AFRL donates laser optics equipment to UNM

KIRTLAND AIR FORCE BASE, N.M. (AFRL) – The Air Force Research Laboratory donated optics experiment materials, valued at $1 million to the University of New Mexico (UNM) to provide a state-of-the-art learning experience for graduate students.

The laser equipment will be used in the Experimental Optics Techniques course starting in the spring of 2022. The goal of this donation is to educate and excite the next generation of Directed Energy researchers.

This donation was a part of an Education Partnership Agreement (EPA) with one of New Mexico’s top research institutions. AFRL expects the collaboration will provide practical experience in a field that is often primarily focused on conceptual research.

The EPA was led by AFRL Deputy Program Manager of High Power Microwave Counter-UAS Systems, Capt. James Wymer. The experiment is titled Self-Focusing of a Continuous Wave Laser in a Nonlinear Medium.

“We wanted to invest in the future of Directed Energy,” said Wymer. “Providing these students with this practical experience in their field of study will pay dividends down the line regardless of whether they end up working for AFRL or partners in industry or academia.”

AFRL is always looking for cutting-edge technology and top-tier researchers to join their team. This experiment will help students understand an advanced optics concept in a less complex environment. In addition, they will gain desirable experience to use when they prepare to enter the job market.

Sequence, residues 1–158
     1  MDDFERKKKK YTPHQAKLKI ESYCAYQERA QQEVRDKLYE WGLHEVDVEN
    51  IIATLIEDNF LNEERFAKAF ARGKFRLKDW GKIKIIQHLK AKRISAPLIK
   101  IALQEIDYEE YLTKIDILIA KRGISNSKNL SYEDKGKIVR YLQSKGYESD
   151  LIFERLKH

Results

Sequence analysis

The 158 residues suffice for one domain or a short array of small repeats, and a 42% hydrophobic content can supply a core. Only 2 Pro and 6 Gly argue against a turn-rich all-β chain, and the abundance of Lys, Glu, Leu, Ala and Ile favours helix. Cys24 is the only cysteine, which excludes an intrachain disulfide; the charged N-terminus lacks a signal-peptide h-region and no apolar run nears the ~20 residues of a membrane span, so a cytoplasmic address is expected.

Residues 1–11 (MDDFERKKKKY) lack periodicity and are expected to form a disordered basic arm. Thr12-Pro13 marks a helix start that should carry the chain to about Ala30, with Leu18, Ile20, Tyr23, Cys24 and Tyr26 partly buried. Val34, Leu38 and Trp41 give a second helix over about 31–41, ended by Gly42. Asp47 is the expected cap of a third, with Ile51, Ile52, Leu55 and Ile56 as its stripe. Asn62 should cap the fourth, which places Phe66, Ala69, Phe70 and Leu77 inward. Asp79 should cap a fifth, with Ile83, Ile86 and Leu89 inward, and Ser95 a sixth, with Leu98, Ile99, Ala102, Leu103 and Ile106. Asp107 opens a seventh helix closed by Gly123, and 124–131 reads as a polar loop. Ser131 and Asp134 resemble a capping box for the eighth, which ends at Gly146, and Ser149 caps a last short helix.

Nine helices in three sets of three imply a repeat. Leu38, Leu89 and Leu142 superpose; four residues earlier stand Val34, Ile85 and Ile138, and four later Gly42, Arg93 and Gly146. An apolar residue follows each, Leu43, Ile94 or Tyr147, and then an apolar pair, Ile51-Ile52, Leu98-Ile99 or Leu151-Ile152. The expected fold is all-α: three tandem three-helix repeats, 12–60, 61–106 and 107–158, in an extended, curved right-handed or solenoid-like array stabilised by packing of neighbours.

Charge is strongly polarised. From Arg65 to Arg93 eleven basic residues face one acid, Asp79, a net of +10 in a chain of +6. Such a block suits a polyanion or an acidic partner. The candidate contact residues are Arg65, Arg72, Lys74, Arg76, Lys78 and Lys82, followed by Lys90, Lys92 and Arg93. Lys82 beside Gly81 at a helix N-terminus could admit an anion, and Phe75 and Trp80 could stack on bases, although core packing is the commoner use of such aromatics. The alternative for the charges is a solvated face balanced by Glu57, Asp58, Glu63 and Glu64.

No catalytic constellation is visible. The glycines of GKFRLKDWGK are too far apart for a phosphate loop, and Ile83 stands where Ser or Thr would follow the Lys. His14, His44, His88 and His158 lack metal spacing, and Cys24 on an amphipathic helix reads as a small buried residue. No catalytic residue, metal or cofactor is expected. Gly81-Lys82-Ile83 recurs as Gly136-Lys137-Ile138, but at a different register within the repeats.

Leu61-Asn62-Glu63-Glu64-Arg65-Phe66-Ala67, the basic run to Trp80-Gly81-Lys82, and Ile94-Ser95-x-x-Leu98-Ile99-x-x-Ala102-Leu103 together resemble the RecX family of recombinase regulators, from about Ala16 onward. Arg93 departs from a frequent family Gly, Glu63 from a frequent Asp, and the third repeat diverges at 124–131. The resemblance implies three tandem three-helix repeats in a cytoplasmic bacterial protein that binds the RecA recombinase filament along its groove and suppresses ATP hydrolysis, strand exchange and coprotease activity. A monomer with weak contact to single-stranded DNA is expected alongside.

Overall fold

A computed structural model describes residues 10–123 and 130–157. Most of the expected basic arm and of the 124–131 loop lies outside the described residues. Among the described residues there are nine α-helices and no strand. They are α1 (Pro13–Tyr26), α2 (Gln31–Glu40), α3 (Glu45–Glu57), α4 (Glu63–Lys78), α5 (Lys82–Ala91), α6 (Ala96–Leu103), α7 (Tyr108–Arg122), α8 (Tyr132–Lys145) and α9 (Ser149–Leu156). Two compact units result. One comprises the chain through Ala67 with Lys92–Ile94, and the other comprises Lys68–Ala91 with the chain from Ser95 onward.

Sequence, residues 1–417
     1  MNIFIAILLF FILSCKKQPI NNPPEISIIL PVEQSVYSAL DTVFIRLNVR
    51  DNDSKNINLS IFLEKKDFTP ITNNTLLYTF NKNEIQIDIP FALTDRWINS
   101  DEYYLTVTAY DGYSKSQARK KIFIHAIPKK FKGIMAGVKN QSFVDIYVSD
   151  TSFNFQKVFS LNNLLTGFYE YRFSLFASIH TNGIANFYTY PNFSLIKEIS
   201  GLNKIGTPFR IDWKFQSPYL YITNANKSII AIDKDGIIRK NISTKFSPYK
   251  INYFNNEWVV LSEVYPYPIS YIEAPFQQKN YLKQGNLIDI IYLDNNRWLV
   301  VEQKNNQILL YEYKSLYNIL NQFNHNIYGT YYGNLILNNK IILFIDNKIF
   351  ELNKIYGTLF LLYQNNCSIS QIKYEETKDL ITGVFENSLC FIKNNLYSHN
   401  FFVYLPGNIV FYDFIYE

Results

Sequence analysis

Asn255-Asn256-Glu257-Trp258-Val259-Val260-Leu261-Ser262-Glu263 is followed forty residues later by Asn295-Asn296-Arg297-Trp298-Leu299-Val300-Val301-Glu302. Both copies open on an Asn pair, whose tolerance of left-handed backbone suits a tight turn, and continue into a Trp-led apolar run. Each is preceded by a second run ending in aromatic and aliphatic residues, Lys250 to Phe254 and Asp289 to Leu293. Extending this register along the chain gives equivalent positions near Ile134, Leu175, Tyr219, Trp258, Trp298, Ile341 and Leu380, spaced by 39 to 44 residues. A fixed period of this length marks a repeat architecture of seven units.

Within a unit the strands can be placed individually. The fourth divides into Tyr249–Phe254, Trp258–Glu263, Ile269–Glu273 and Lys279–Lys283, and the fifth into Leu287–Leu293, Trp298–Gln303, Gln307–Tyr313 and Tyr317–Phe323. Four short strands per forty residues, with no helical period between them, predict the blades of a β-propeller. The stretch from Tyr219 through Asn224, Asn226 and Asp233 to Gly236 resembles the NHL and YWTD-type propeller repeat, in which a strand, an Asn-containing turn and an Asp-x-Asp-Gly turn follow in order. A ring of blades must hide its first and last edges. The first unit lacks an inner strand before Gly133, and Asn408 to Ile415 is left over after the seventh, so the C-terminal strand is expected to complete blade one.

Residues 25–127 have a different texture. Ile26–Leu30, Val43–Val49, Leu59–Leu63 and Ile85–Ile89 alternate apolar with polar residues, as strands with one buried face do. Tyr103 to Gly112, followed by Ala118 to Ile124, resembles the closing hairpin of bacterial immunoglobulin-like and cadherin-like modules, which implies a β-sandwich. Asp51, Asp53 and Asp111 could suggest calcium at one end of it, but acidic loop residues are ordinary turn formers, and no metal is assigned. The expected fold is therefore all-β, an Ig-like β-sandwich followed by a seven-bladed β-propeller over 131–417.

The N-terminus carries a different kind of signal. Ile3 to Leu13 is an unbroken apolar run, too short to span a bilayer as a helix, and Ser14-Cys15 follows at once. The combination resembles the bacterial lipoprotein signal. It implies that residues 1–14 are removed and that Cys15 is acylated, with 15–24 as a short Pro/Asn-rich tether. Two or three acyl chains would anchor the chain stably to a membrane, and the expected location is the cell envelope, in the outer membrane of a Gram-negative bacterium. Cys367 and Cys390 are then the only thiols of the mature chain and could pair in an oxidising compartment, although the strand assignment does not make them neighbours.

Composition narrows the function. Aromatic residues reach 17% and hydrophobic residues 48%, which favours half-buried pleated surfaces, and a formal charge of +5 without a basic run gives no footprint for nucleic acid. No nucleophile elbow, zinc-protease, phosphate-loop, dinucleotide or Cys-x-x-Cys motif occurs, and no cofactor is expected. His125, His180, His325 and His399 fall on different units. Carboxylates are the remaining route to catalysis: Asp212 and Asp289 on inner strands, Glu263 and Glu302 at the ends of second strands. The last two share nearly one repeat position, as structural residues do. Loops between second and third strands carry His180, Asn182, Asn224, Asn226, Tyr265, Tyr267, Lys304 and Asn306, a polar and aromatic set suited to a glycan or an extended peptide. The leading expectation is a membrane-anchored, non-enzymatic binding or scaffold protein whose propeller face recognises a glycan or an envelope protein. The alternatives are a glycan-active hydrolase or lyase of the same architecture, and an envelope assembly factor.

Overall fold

“The concept of this process feeds into some of the work that AFRL does in showing how this type of focusing happens,” Wymer said. “Understanding how self-focusing is part of different types of lasers. The physics behind that will prepare these students for mastery of more complex physics concepts such as ultrashort pulse lasers.”

AFRL outlined the experiment concepts and findings for the UNM class to follow as they repeat the experiment with the donated materials in the lab on the UNM campus.

The course will be available to students studying optical science and related fields in graduate programs at UNM.

“These types of efforts help push the technologies on the bleeding edge of innovation into the hands of future AFRL scientists and their collaborators,” Wymer said. “We want students to uncover what is possible with this type of research.”

AFRL hopes that the donation of this experiment to the university will lead future directed energy researchers entering the field feeling well equipped to succeed in their working environments.

“When we look for new team members, we are looking for individuals with experience in working closely with these concepts in a lab setting,” Wymer said. “We do a lot of exploratory research, but having team members with a practical understanding of these concepts will further our capability of moving this type of technology forward in new and innovative ways.”